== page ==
The announcement of John’s departure took colleagues by surprise and his last official function, the trustees and wardens meeting on December 4, will mark, almost to the day, the tenth anniversary of his election.
Seventy-year-old John was quick to praise the support he had had during his tenure and insisted he had thought long and hard before making his decision.
“I have been lucky to work with some fantastic people, not least Roger Norris who was chairman of the trustees for 20 years. The collective enthusiasm I have received during my time made a time-consuming job, that much more satisfying.”
“But I felt I had reached a point where my enthusiasm for continuing was not what it should be. In these circumstances the best interests of the organisation would not be best served if I stayed and felt the time was right to hand over the reins,” he said.
During the last decade the freemen have strengthened their centuries-old links with the cathedral, the mayor, and the mayor’s bodyguard. Operating on a stable financial footing and reinforced by the recently established charitable trust, the eight guilds have given tens of thousands of pounds to charities and projects within the city boundaries as well as extending community links. All have combined to raise the freemen’s profile.
But, perhaps, one of the major changes of John’s stewardship was the freemen’s unanimous backing for the admission of women in 2012 – a move that ended nearly 700 years of tradition. In recent years membership has risen from 80 to more than 230.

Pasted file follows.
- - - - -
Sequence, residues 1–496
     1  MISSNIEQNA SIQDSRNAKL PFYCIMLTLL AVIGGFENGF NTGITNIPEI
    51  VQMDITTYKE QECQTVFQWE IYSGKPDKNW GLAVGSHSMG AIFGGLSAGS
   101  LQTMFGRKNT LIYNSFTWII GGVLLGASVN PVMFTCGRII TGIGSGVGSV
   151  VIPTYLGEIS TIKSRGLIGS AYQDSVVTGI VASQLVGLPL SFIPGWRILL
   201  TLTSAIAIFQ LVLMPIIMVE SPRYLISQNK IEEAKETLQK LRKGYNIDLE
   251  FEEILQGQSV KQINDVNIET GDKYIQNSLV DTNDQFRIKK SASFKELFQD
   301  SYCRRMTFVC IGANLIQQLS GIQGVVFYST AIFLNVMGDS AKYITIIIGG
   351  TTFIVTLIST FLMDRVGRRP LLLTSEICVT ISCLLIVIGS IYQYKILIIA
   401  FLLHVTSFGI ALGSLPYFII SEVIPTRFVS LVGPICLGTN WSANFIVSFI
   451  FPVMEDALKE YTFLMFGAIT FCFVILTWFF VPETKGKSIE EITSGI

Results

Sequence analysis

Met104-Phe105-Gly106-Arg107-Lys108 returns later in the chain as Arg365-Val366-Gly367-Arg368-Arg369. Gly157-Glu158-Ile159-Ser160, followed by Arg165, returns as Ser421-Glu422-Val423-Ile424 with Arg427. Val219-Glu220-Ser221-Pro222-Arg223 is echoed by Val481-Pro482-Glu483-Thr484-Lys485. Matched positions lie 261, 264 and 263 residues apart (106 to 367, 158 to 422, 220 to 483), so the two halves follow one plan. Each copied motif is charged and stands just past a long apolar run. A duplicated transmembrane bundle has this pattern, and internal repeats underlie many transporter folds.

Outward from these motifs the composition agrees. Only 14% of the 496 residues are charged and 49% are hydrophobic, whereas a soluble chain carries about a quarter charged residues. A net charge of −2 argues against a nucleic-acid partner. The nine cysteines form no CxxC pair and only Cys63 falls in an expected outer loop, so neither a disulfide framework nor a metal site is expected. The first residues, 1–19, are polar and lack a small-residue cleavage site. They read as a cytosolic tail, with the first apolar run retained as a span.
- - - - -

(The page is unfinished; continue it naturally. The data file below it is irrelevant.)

“We have a very illustrious past and the fact that we have adopted a more corporate approach to the management of the organisation has given us a very active present with a much higher profile. It all adds to our ability to plan for the future,” he added.
John, who has two children and two grandchildren, attended the Durham Johnston Grammar School and went on to train as a science teacher at Westminster College, Oxford.
In his first year in the profession he worked in Colchester before taking up an appointment in Wingate Secondary School – later to become Wellfield Comprehensive. After 21 years there he switched to Haughton Comprehensive in Darlington on his appointment as deputy head.
He was the school’s acting head in 1998 when he left to become regional officer for the National Association of Head Teachers, covering an area that embraced the north east, Cumbria and Scotland. He retired in 2008 and lives on the northern outskirts of Durham City.